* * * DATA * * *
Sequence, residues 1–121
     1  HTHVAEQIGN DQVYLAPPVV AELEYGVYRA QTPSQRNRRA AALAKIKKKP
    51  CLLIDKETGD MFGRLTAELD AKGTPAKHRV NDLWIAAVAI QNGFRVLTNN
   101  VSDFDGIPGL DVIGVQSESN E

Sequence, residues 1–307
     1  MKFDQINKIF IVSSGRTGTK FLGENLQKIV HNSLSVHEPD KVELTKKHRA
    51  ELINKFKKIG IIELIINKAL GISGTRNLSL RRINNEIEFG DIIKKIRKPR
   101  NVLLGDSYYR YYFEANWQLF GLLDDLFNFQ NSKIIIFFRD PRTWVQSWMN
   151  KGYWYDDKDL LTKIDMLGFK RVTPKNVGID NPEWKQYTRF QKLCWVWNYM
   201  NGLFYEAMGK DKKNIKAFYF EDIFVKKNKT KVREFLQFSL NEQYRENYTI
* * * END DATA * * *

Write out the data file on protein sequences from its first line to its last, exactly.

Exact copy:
Sequence, residues 1–121
     1  HTHVAEQIGN DQVYLAPPVV AELEYGVYRA QTPSQRNRRA AALAKIKKKP
    51  CLLIDKETGD MFGRLTAELD AKGTPAKHRV NDLWIAAVAI QNGFRVLTNN
   101  VSDFDGIPGL DVIGVQSESN E

Sequence, residues 1–307
     1  MKFDQINKIF IVSSGRTGTK FLGENLQKIV HNSLSVHEPD KVELTKKHRA
    51  ELINKFKKIG IIELIINKAL GISGTRNLSL RRINNEIEFG DIIKKIRKPR
   101  NVLLGDSYYR YYFEANWQLF GLLDDLFNFQ NSKIIIFFRD PRTWVQSWMN
   151  KGYWYDDKDL LTKIDMLGFK RVTPKNVGID NPEWKQYTRF QKLCWVWNYM
   201  NGLFYEAMGK DKKNIKAFYF EDIFVKKNKT KVREFLQFSL NEQYRENYTI